Everything We Ate at the Cincinnati Zoo & Botanical Garden New Menu Reveal

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Long gone are the days when hungry visitors to the Cincinnati Zoo & Botanical Garden were limited to cheese pizza and plain burgers. You can still get those good ol’ American favorites — along with popcorn, cotton candy and Dippin’ Dots, but the zoo has seriously stepped up its dining game to please visitors' palates in the age of the food trucks and Instagram-able delicacies, opening three new dining options to be followed by the opening of a beer garden in the fall. And on May 21, they hosted a press preview day where we got to sample all of the new eats.

In March, the Cincinnati Zoo completely made over The Grove, its hub for all tasty things situated between Manatee Springs and Lemur Lookout. The space feels less like a food court and more like what’d you expect from the new food truck park in Cincinnati’s East End.

And the zoo’s first new addition is literally a sophisticated black-and-red-painted food truck called The Coop. The Coop offers crispy hand-breaded chicken tenders, chicken sandwiches and, wouldn’t you believe it, poutine.

The sweet potato poutine is a complete meal in and of itself. Smothered in a country-style maple gravy, The Coop takes just-thick-enough sweet potato fries and tops them with fresh cheese curds and fried chicken. If you squeal with delight every time a new chicken spot opens up in Cincinnati, The Coop is the place for you.

An old shipping container at The Grove is home to Taco Caja, which serves its fare on soft, chewy flour tortillas. Taco Caja has four taco options: The chicken and barbacoa tacos come with salsa, sour cream, onion, cilantro and cotija cheese, and the fried fish taco is topped with an avocado slaw. But the spicy fried cauliflower is king of this taco stand. If you’ve yet to jump on the cauliflower-everything bandwagon and are frankly still a little suspicious of the colorless veggie, eat it fried and it may become your favorite food.

On this taco, cauliflower comes topped with all the garnishes of the chicken and barbacoa option and includes a smoky chipotle salsa.

Here, you can also grab a churro donut (or two or 10). These fluffy, cinnamon-sugar delicacies are finished with a drizzle of caramel syrup.

A retro Airstream trailer harkens back to the days of shiny roadside diners and soda fountains that served milkshakes in a glass, making it the perfect locale to grab a burger. Fittingly named Wild Burger, the third of the zoo’s new stations at The Grove grills up four types of ground-beef burgers, all served with tomato and lettuce.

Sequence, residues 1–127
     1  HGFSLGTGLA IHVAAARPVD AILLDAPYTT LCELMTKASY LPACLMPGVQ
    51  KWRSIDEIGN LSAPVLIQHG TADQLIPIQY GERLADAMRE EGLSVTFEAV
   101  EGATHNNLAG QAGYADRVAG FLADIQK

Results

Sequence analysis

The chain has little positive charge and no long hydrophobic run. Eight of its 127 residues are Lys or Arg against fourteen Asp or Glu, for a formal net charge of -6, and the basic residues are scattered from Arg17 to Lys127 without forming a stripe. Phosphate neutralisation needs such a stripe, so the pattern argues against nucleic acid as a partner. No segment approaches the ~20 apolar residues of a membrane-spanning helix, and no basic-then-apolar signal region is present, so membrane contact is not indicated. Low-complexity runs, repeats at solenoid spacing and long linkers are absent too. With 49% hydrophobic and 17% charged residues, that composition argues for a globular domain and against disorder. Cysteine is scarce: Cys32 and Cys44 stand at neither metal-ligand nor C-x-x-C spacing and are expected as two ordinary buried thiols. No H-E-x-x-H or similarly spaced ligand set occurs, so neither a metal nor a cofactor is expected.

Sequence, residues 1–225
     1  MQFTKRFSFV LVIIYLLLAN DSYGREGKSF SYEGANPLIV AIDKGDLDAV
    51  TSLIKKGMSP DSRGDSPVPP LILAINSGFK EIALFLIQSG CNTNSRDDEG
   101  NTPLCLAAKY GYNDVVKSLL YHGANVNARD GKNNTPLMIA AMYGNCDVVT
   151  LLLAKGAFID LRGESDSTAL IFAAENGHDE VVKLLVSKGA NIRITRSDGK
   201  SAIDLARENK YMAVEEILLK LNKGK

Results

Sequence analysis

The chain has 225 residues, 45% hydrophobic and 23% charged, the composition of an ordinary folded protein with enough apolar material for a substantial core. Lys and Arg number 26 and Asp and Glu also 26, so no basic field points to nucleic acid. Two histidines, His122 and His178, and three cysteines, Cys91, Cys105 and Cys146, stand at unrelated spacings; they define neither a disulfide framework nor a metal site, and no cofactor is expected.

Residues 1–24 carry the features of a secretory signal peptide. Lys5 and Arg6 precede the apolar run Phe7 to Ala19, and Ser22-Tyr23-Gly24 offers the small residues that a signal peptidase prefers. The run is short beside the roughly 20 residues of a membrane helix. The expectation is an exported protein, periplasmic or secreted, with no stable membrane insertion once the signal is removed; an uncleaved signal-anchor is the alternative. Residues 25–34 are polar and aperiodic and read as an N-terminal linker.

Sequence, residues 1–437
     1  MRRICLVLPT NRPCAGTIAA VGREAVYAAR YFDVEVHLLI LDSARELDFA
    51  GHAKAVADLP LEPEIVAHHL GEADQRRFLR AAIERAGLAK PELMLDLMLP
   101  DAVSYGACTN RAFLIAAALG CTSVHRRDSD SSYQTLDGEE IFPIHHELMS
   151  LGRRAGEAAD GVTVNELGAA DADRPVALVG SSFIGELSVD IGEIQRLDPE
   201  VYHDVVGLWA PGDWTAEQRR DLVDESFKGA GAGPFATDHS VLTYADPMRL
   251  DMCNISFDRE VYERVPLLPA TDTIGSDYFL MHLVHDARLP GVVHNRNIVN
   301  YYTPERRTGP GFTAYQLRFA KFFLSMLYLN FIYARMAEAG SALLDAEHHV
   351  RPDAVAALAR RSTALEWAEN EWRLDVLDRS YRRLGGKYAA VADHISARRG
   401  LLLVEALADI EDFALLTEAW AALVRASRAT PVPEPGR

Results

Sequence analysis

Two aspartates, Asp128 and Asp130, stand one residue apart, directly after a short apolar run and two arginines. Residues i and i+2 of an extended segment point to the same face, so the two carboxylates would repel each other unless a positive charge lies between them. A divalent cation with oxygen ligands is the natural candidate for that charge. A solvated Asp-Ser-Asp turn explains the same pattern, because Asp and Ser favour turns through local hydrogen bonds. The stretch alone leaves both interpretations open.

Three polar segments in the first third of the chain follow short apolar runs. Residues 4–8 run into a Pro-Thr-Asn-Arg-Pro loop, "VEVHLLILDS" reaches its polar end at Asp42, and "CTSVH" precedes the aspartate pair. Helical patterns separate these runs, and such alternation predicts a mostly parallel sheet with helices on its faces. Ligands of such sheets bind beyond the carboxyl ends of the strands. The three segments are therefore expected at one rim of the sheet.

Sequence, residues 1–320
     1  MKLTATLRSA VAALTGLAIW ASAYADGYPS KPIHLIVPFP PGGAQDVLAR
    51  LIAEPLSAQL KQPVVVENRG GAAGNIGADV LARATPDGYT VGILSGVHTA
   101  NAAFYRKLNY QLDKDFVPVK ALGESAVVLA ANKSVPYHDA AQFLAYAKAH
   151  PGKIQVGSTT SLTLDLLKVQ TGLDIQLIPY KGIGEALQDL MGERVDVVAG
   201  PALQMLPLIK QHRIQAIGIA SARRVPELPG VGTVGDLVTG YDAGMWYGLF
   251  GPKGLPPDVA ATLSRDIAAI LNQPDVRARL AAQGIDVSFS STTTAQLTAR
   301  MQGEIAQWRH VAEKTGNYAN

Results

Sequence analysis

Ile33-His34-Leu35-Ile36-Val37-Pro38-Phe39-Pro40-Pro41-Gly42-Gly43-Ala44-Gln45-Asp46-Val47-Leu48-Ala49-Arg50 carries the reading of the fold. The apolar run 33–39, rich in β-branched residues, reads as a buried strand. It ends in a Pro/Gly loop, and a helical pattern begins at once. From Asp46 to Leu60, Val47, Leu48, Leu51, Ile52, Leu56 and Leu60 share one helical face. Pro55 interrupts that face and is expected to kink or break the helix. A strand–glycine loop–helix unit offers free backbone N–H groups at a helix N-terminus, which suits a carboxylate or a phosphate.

The classic Wild Burger is topped with American cheese and Wild Sauce, whereas a few others offer up a little more variety. Their flavors come from a thick fondue drizzled over the patty and include a mushroom and Swiss cheese fondue, a maple-goetta fondue and a blue cheese and bacon fondue.

As stylish as they are, these dining options are far from a gimmick.

“We see over 1.5 million people come through every year,” says Cincinnati Zoo executive chef John Bird. With all those people to feed, he says that the zoo wanted to take a more varied approach to its food offerings. “It can be trendy (to have food trucks), but it can also be accessible.”

Of course, The Grove isn’t the only place to eat at the zoo. Cincinnati favorites like LaRosa’s and Skyline are still available, and the Base Camp Café — which has been a mainstay at the zoo for 10 years — updates its menu seasonally to keep it fresh. The new spring salad mixes arugula with strawberries, fava beans, dry-aged cheddar and a Champagne vinaigrette, and the herbaceous carved sandwich stacks sliced turkey and provolone with a tomato basil aioli between slices of rosemary focaccia.

In the fall, the zoo will open The Watering Hole, a beer garden and restaurant overlooking the new Roo Valley habitat, which is also currently under construction. (Slated to open in 2020, Roo Valley is an Australian-themed exhibit that will replace the current Wildlife Canyon. The canyon will be transformed into a two-level activity course, 25-feet in the treetops, with a 15,000-square-foot grassy kangaroo and wallaby walkabout below. The space will also include a new home and underwater viewing area for the little penguins.) The Watering Hole beer garden will feature a large deck that seats over 100 people, says Bird, and will fire up pizzas in a real Italian brick oven. Features on that menu will include a margherita flatbread with crushed tomatoes, fresh mozzarella and basil, bacon and Brussels sprouts topped with béchamel sauce and fontina cheese and roasted cauliflower in a savory romesco sauce with almonds and parsley.

If all goes according to plan, Bird says that The Watering Hole will open between August and October, so visitors luckily won’t have to wait too long to enjoy the new space. In the meantime, digging in at The Grove is the way to go.

— Morgan Zumbiel

| Photos by Holden Mathis